11 October 2023
Criterias of text. Back in the early ages if you asked someone to read a text, they automatically knew that it meant reading a printed text or transcripts of spoken word because that used to be the sole definition of the word. The criterias of text were limited. Dough Eyman also had a similar understanding of this. He says, “As a student whose early scholarly training was focused solely on literary studies, I initially understood ‘text’ to be a fairly limited term that referenced printed text and, in particular, literary works.” Now that the definition has and continues to grow, “we must see ‘text’ in a far more expansive light” (Eyman). It now expands to include other elements. Today, if you say to someone, Send me a text. I’ll send you a text; the’re is a different meaning to it. More than likely, they’ll expect the process to complete using an electronic device of some kind.
Criterias Of ‘Text’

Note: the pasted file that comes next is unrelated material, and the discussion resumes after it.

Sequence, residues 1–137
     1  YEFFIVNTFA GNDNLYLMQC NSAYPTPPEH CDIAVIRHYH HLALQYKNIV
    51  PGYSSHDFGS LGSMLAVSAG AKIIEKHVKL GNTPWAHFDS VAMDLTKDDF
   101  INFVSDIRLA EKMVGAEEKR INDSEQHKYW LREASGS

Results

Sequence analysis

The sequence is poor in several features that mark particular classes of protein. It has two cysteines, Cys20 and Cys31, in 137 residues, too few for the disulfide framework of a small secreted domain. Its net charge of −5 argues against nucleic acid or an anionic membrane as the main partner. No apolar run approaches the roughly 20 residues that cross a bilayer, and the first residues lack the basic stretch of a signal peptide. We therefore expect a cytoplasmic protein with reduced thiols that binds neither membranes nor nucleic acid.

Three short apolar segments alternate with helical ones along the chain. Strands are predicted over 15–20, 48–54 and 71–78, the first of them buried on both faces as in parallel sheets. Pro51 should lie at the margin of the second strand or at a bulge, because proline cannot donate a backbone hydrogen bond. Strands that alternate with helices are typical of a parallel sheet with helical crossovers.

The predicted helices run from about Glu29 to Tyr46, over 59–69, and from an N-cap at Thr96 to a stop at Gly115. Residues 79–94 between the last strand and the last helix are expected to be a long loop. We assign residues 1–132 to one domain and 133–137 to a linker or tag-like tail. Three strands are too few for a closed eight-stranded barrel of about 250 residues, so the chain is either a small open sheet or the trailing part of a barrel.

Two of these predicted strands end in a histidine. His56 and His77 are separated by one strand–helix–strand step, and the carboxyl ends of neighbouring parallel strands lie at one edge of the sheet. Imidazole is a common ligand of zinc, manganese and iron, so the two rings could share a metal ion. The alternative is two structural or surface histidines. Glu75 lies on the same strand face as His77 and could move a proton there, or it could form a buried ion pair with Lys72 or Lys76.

From reading the ‘Text’ portion from Doug Eyman’s project, something is evident. It is clear that different writers and authors have different views of the criterias of text and what the word entails. From Darwish’s idea of the six layers that that make up the composition of ‘text’. Gunther Kress’s theory that it includes three categories. And Robert de Beaugrande and Wolfgang Dressler’s approach who see it as a communicative event, and includes seven specific criterias. Cohesion, coherence, intentionality, acceptability, informative, situationality, and intertextuality. No matter what platform the communicative event takes place on, some of these categories are often present more than the others. For instance, Intentionality. When a professor posts an assignment for their students to complete, it is with the intention and the objective for them to complete it. Vice versa, when the students submit that assignment, their intention and expectation is to receive a grade from the professor. However, before that can happen, the is an agreement between the professor and the student.